EMMY AWARD-WINNING ICONIC CHILDREN'S SERIES, THE ELECTRIC COMPANY, SHEDS A LIGHT ON LITERACY WITH ITS THIRD SEASON PREMIERING FEBRUARY 7, 2011 ON PBS KIDS GO!(R)
New Episodes Targeting Kids Six-to-Nine-Years-Old Introduce New Cast Members and a Curriculum That Focuses on the Vocabulary of Mathematics
New York, December 20th, 2010 - While many children's shows have come and gone, The Electric Company is a franchise that has staying power. In a class by itself, this Emmy Award-winning series is set to launch season three February 7 with 12 new episodes airing every Monday on PBS KIDS GO! (check your local listings) just 40 short years after the show's critically-acclaimed debut. Produced by Sesame Workshop, the nonprofit educational organization behind Sesame Street, the new season of the innovative program stays relevant by continuing its focus on literacy and highlighting the vocabulary of mathematics. The modern adaptation of the daily half-hour show comes back with new original animations, toe-tapping music videos and exciting narrative storylines. Plus, two new characters and an all new celebrity line-up are sure to get kids hollering, "Hey You GUUUUUYYS!"
Extending the primary goal of literacy skills development, the theme for this season of The Electric Company is math vocabulary. Children in the United States are falling behind students in other countries in the areas of science, technology, engineering and mathematics (STEM). Additionally, a study released this month shows that American students' math scores, in particular, continue to fall below the global average. By introducing words that are related to topics like probability, coin value and measurement, The Electric Company is providing children language to discuss, explore and further their understanding of these concepts. Mastering foundational literacy skills and numeracy concepts are essential for success in and beyond elementary school.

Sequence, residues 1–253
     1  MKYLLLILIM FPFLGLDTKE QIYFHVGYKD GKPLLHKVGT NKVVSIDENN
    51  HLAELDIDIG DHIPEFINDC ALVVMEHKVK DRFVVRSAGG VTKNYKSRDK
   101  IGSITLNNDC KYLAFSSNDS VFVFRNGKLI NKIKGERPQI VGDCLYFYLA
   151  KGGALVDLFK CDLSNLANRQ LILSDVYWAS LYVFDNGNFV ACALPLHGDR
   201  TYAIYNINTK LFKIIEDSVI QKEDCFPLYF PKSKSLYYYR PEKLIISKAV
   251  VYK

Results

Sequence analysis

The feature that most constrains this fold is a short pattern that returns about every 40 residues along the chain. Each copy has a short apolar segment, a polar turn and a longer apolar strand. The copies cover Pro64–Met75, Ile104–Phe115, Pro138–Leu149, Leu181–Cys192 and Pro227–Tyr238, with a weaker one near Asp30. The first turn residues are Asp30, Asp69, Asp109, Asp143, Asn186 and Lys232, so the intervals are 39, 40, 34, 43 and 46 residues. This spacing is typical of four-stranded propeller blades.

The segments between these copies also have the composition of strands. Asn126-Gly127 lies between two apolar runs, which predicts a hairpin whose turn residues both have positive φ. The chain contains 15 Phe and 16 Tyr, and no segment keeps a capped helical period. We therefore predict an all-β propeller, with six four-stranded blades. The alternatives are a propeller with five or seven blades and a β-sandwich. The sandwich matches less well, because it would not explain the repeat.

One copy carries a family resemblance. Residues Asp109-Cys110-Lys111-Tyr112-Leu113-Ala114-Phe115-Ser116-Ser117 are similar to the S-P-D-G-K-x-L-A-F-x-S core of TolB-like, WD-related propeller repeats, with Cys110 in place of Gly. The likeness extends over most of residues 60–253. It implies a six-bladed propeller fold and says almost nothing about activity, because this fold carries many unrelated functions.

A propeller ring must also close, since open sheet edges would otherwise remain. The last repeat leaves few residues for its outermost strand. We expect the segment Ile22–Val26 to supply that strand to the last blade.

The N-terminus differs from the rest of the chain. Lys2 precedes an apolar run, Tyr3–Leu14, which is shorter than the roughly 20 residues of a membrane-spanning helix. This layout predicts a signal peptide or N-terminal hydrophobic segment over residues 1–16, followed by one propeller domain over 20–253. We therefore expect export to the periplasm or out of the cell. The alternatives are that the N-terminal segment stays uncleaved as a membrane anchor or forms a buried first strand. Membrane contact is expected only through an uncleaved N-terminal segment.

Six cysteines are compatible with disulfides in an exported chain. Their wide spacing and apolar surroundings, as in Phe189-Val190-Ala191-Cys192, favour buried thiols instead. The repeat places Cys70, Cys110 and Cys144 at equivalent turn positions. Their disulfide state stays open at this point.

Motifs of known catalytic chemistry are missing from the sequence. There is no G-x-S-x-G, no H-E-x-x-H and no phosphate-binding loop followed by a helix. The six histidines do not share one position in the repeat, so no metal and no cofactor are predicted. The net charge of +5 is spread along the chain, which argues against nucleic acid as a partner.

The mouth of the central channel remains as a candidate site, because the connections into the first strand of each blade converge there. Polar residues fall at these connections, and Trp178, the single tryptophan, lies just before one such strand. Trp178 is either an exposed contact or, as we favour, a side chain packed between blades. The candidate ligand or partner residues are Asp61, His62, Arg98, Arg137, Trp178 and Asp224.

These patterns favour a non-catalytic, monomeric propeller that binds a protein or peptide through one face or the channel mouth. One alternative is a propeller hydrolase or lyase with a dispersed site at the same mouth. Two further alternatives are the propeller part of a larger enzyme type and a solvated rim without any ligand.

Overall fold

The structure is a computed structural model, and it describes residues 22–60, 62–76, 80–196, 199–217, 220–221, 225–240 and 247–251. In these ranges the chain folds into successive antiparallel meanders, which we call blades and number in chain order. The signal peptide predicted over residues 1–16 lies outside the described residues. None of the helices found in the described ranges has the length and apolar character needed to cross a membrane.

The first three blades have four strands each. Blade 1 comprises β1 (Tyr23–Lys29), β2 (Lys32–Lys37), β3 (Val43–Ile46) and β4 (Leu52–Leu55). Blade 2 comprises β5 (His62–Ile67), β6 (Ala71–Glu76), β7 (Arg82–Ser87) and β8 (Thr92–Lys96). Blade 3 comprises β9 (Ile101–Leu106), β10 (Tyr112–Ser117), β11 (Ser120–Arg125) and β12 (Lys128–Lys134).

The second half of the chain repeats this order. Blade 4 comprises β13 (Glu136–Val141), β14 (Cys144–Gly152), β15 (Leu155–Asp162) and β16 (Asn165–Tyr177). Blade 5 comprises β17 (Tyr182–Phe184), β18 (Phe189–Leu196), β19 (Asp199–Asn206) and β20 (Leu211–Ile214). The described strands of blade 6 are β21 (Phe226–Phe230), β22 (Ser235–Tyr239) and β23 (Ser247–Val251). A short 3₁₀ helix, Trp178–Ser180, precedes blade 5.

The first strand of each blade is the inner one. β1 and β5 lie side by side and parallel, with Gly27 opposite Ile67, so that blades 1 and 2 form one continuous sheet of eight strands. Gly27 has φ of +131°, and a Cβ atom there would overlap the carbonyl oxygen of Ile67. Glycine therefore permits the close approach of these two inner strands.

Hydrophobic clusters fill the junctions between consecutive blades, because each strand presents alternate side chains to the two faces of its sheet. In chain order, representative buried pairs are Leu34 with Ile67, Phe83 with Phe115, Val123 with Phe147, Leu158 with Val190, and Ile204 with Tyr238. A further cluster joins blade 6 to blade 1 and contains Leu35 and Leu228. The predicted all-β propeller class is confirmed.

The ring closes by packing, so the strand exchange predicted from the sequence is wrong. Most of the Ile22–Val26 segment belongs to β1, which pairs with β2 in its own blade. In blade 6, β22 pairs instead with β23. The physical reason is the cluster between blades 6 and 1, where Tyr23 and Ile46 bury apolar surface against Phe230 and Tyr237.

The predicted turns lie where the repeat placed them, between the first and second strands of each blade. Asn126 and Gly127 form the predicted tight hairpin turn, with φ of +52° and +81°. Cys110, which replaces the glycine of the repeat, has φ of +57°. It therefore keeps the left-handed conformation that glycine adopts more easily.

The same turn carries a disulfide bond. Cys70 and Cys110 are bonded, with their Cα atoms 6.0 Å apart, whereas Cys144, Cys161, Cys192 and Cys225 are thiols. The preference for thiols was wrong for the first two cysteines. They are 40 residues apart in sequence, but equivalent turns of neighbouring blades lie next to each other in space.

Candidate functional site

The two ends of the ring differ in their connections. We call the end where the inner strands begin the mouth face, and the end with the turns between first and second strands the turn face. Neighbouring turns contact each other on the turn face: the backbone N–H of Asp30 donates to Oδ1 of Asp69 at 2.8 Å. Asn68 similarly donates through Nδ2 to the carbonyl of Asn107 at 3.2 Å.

"By building a foundation of math vocabulary and concepts at an early age, The Electric Company aims to help children bolster their understanding, knowledge and motivation with these curricular concepts - something that is crucial to their future success," said Karen Fowler, Executive Producer. "As always, we work to seamlessly weave these core concepts into funny, engaging stories, memorable music and goofy animations. The addition of two young cast members to our existing talented cast as well as new animated characters has brought a freshness and playfulness to the third season that will excite our core audience and invite new kids into the experience."
Two new regular characters join the talented group of young performers: Coy Stewart (Are We There Yet?) who plays the newest member of The Electric Company, Marcus Barnes, inherits a math superpower once he joins the crew; and Carly Sonenclar (Broadway's Les Miserables), portrays Gilda Flip, a prankster-in-training. In the introductory episode of the season, Marcus has just found out he has the wordball power�kind of. The Electric Company tries to help Marcus improve his wordball throwing skills so he can join them. Meanwhile, Francine and Gilda ask Manny to build a machine that can help them prevent Marcus from becoming the newest member of The Electric Company.
"Literacy and math are among the core curricular areas that we focus on at PBS," added Linda Simensky, Vice President Children's Programming, PBS. "The Electric Company continues to give kids the opportunity to build these critical skills by engaging with fun and comical characters on television, as well as across multiple platforms."